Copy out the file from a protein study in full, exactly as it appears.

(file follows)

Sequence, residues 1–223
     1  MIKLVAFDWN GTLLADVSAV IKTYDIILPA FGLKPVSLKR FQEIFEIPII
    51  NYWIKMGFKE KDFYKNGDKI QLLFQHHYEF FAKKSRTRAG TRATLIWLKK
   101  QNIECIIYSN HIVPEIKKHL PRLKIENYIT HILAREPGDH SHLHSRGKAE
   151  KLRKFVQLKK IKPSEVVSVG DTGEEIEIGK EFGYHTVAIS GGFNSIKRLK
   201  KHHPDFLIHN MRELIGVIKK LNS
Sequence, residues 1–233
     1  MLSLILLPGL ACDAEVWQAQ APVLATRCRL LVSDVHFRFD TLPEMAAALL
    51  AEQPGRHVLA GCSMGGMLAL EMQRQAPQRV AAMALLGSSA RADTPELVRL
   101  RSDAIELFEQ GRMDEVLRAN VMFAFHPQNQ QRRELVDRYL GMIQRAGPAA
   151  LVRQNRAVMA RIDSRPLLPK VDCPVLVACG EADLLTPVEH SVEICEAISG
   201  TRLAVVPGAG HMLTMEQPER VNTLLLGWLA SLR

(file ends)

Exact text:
Sequence, residues 1–223
     1  MIKLVAFDWN GTLLADVSAV IKTYDIILPA FGLKPVSLKR FQEIFEIPII
    51  NYWIKMGFKE KDFYKNGDKI QLLFQHHYEF FAKKSRTRAG TRATLIWLKK
   101  QNIECIIYSN HIVPEIKKHL PRLKIENYIT HILAREPGDH SHLHSRGKAE
   151  KLRKFVQLKK IKPSEVVSVG DTGEEIEIGK EFGYHTVAIS GGFNSIKRLK
   201  KHHPDFLIHN MRELIGVIKK LNS
Sequence, residues 1–233
     1  MLSLILLPGL ACDAEVWQAQ APVLATRCRL LVSDVHFRFD TLPEMAAALL
    51  AEQPGRHVLA GCSMGGMLAL EMQRQAPQRV AAMALLGSSA RADTPELVRL
   101  RSDAIELFEQ GRMDEVLRAN VMFAFHPQNQ QRRELVDRYL GMIQRAGPAA
   151  LVRQNRAVMA RIDSRPLLPK VDCPVLVACG EADLLTPVEH SVEICEAISG
   201  TRLAVVPGAG HMLTMEQPER VNTLLLGWLA SLR